As Pablo Picasso once said, “sex and art are the same thing.” If you’ve studied art history, you’ve certainly seen your fair share of nudes. But what about more recent art history? Who are the artists making erotic art in the 21st century? Here we look at ten works of art from Phaidon’s The Art of the Erotic. While you've probably come to expect NSFW art from artists like Tracey Emin and Betty Tompkins, the titilating works by artists like Anish Kapoor or Mickalene Thomas might surprise you.
The Conservatory (2010)
The Conservatory, an oil painting by the American artist John Currin, depicts two women in sexual ecstasy. Its title refers to a music school, and the painting contains visual references to that, with one woman holding a violin and bow while a cello lies discarded on the floor beneath the lovers. In an earlier version of the painting, Currin made no reference to music, instead placing a bottle of wine in the scene as a prop. The finished work is changed to the more formal setting, suggestive of a music lesson abandoned halfway through in favour of a passionate encounter. Currin regularly explores the female form in his work, creating paintings that mix references to Renaissance and classical art, including the work of the sixteenth century German painter Lucas Cranach the Elder and the Rococo artist Jean-Honoré Fragonard, with lowbrow contemporary sources such as pornography or B-movies, as well as fashion magazines and copies of Playboy... The explicit content in Currin’s work has at times caused controversy. The Conservatory, however, is surprisingly chaste in modern pornographic terms. Both women are shown semi-naked and in the appearance of sexual rapture, but Currin has chosen to clothe the figures in elements of underwear, and exposes only one pair of breasts to the viewer, creating a scene of titillation for the onlooker, rather than outright porn.
Dark Hole (2009)
This embroidered picture of a headless woman pleasuring herself was made by the British artist Tracey Emin for an exhibition exploring love, loss and life at White Cube Mason’s Yard in London in 2009...For all the sexuality in Dark Hole, this is not so much an erotic image as one about lust and loneliness. One can imagine a solitary woman, abandoned by a man, masturbating nimbly, her body buckled and gently writhing under the pervasive exploration of her fingers. At the centre of the image is her vulva, which she presents to the viewer for inspection, yet there is nothing to see but a dark hole, a black void suggesting that the entry to her soul lies elsewhere. It was important for Emin that the disembodied figure look like an emancipated woman and not a girl. Her scratchy style, reminiscent of the Austrian artist Egon Schiele, adds to this illusion, as do the killer boardroom heels the subject is wearing. This is a picture about a woman trying to love herself, as well as others. In it, Emin asks what it means to be a woman and a lone sexual entity.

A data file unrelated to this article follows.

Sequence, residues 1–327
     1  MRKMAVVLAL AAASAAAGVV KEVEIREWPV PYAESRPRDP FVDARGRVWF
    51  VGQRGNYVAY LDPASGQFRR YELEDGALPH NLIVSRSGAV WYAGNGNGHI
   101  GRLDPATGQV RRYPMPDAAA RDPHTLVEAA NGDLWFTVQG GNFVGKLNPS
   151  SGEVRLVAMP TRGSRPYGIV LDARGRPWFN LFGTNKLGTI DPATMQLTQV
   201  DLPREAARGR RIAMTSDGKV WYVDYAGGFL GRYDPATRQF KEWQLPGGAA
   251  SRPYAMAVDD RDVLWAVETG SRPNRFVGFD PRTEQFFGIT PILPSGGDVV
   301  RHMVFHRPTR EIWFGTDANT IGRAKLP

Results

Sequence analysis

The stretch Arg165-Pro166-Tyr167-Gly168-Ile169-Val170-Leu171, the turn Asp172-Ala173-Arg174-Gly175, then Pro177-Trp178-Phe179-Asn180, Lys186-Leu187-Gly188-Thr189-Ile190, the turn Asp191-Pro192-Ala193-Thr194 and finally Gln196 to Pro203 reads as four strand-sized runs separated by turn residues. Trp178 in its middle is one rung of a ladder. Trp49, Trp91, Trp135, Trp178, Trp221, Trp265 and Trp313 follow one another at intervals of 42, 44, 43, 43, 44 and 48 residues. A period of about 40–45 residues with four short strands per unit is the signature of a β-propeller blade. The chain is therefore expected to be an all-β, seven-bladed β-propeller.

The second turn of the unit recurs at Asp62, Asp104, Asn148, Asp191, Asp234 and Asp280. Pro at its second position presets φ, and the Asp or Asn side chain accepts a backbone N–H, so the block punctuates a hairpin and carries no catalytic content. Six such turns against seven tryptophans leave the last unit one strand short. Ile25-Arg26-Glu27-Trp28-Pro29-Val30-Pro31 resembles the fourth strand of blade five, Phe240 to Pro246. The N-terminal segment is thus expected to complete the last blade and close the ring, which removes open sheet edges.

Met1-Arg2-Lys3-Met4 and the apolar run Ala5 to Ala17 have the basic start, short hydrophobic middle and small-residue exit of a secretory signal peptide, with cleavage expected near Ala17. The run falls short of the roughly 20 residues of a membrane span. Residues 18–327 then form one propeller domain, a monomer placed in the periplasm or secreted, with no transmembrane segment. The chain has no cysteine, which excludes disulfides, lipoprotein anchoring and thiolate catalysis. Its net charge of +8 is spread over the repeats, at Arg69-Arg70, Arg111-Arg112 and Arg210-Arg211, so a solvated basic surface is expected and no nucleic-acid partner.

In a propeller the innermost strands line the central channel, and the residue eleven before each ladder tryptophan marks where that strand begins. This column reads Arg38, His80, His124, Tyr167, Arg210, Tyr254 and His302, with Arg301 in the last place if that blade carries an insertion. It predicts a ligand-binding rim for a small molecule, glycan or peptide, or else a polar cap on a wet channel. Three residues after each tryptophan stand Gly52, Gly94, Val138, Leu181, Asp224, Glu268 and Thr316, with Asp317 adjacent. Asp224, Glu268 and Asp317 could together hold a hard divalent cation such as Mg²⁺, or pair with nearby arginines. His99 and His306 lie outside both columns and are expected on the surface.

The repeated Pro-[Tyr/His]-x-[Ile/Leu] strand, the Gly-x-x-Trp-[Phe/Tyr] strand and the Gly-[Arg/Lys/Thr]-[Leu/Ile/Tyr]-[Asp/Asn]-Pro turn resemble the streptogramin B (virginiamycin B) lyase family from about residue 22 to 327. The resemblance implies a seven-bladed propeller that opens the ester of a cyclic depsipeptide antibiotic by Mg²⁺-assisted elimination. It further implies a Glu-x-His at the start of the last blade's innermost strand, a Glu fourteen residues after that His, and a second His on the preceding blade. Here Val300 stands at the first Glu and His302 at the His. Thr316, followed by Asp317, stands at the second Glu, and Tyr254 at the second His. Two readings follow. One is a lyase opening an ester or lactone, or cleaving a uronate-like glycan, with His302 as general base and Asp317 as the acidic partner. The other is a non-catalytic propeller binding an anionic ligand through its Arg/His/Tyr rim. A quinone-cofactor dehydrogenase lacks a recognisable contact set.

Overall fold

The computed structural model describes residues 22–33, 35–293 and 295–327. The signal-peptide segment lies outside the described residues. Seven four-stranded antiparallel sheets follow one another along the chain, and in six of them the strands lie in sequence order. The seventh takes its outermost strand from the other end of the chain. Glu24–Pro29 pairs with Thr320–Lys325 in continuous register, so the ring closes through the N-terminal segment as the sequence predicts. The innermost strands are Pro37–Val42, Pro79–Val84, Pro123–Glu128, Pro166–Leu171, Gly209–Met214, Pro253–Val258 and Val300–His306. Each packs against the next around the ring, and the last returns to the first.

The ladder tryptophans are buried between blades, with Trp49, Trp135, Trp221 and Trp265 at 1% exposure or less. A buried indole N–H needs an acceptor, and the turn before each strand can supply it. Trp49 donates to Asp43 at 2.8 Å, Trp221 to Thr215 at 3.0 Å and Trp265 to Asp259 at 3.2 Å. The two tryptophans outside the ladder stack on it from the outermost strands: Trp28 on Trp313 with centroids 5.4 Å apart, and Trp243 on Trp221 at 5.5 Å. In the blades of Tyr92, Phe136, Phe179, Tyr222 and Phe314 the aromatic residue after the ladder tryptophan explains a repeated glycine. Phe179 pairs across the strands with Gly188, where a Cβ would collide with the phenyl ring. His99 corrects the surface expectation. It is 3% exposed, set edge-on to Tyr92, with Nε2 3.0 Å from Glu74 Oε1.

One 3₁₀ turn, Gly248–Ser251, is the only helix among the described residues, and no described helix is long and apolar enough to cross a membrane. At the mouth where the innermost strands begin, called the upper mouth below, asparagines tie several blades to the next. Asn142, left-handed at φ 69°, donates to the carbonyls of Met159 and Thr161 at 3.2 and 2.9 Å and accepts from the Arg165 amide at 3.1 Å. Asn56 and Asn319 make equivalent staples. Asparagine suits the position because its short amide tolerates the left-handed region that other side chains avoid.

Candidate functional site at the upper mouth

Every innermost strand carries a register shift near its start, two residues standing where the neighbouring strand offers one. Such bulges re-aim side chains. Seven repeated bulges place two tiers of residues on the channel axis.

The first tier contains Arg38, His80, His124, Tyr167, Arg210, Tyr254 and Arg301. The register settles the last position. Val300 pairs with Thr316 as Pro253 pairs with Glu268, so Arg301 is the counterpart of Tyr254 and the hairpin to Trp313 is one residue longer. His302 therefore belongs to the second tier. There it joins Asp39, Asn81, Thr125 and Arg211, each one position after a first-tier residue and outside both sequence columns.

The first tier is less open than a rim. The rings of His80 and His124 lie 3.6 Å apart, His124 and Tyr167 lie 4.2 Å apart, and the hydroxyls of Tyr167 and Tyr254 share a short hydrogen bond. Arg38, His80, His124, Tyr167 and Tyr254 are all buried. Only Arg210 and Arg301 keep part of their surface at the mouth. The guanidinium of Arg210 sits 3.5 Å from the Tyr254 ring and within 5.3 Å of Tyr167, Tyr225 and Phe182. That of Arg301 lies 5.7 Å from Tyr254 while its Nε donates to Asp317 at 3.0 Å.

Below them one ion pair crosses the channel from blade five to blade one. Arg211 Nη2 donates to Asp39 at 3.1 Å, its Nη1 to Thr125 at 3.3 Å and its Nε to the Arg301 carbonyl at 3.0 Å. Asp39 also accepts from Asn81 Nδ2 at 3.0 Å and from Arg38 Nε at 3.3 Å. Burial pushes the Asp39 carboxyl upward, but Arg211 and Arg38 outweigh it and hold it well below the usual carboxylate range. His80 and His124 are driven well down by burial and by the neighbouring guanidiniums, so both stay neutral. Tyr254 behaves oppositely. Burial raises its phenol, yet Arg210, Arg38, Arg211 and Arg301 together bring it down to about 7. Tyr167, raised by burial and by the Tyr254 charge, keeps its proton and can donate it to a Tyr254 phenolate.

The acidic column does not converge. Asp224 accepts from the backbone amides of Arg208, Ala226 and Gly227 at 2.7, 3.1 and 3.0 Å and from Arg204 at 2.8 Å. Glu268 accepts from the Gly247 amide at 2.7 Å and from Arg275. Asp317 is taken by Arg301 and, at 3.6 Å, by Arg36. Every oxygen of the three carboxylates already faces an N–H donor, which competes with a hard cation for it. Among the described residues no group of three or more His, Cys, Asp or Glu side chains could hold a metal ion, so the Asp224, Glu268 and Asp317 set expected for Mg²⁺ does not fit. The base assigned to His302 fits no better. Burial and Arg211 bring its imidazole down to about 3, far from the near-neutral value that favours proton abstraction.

Figures in a Garden (2009)
The American artist George Condo has since the 1980s been creating figurative works that reinterpret Old Master painting in light of twentieth-and twentyfirst-century styles. His images are often shocking, grotesque and highly humorous. In Figures in a Garden, Condo uses the traditional motif of nude figures bathing in a natural setting, but transforms and distorts them using techniques from Cubism, Abstract Expressionism (à la Arshile Gorky or Philip Guston) and the visual idioms of twentieth-century cartoons and comic strips...The faces of Condo’s figures often look ghoulish and lecherous, but this is tempered by the seductively erotic curves of bodies that undulate with a calligraphic fluidity. The dominant yellow-green colour palette in the middle ground and the title of Figures in a Garden suggest a reference to Hieronymus Bosch’s The Garden of Earthly Delights (c.1490–1500), which illustrated many delightfully perverse acts: stems from a bouquet of flowers penetrating a lover’s anus, couples riding each other while on horseback, individuals lost within the carnal pleasure of sensual masses of bodies. Certainly, this last element is one of the most powerful in Figures in a Garden, and in the middle ground it becomes especially difficult to discern where one body ends and the next begins. The loose patches of paint building up the background and the surface of the canvas tend to blur and obscure the masses of figures further. This expressive markmaking elicits a sense of Dionysian freedom as bodies entwine in orgiastic ecstasy.
Jens’ Hand On Clemens’Back, Paris (2001)